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Legal Research Process

What is Westlaw?

Westlaw is a licensed database with federal and state case law with extensive coverage.

When to Use Westlaw?

You generally want to turn to Westlaw for case law after you have already surveyed secondary sources on your topic and after using free online sources for case law such as Google Scholar and/or used print digests.

How to Use Westlaw to Find Case Law

There are four main ways to find case law:

  • by citation
  • natural language
  • terms and connectors
  • by subject

Terms and connectors:

To do terms and connectors searching, after selecting a case law subset of Westlaw, click on the "advanced" link next to the main search box. On the right side of the screen, you will see reminders of the different symbols you can use. On the left, you will see the different field search options you have. (There are by far more field search options for case law searching than for other resources like statutes.) To see what these fields actually search, view the PDF Westlaw has provided indicating how it indexes individual cases.

One of the most effective ways to use fields is to search within the editorial synopses (sy), containing introductory summaries of each case's facts and holdings, and the digests (di), made up of headnotes (he) and topics (to). These fields may be searched together using the commands directly [ Ex: SY,DI(employ! /1 discriminat!) ] or by selecting the special Synopsis/Digest field. 

By subject--West Key Number System:

The West Key Number System is a subject arrangement of the law into about 400 topics. (The print equivalent is a West digest.) Key numbers are assigned to each headnote within an individual case that a West editor has flagged as an important point of law. You can get directly into the West Key Number System under "Tools" or, after selecting "Cases," you will see it on the right under "Tools & Resources."

One oddity about Westlaw is that there is no online equivalent to West's print digests' index (Descriptive Word Index) used to get into West's subject arrangement of cases. Instead, you can browse the over 400 topics, but it tends to be difficult to know which topic to choose even though they come with scope notes. You can also do a natural language search of the Key Number System; "Title Search" on the right is more narrowly focused than using the main search box at the top. Perhaps the best way to get into the Key Number System though is to do an initial search and build from the ones listed in the individual cases that you find on point.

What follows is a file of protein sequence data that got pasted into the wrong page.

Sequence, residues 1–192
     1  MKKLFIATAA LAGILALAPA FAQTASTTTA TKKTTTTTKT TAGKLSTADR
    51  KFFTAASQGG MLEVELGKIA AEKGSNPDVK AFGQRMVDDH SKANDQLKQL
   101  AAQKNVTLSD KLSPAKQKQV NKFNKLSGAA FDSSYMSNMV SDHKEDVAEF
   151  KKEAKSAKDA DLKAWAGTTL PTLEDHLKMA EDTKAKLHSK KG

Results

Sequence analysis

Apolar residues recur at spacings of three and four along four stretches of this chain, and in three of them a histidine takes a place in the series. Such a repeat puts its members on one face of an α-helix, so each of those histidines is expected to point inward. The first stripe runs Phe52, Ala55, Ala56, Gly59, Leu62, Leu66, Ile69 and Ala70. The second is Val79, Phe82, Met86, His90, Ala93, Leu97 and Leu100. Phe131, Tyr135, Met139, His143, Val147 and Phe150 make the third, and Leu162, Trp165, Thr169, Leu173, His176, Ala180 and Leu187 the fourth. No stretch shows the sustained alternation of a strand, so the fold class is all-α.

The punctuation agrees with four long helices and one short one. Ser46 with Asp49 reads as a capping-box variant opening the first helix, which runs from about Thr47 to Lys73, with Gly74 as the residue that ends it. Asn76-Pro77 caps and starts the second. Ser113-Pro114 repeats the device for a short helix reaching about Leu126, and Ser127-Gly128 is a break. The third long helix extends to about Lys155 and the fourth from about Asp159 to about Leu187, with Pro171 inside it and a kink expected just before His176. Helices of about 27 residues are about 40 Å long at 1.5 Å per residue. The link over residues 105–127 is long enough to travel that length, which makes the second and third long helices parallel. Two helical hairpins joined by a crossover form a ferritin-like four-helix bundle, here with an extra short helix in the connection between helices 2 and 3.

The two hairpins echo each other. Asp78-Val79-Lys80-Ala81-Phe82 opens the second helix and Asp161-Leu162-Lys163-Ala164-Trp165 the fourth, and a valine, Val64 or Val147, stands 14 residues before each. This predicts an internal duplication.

However you get into the West Key Number System, clicking on a topic or keyword number will bring up a search screen that allows you to specify jurisdiction and add keyword search terms.

Display of case law search results:

When viewing search results, on the left are various ways to search within or filter your results (most notably, jurisdiction and date); on the right are displayed "Related Documents," including secondary sources such as legal encyclopedias and treatises.

Strengths & Weaknesses

Strengths:

Westlaw is more comprehensive and sophisticated than free online resources. Westlaw is still unique in its deployment of the key number system for subject searching. 

Weaknesses:

This is an expensive resource. You should be aware of how your firm or employer is charged for its use. Using it cost effectively within that framework requires thought and training on how best to use the database.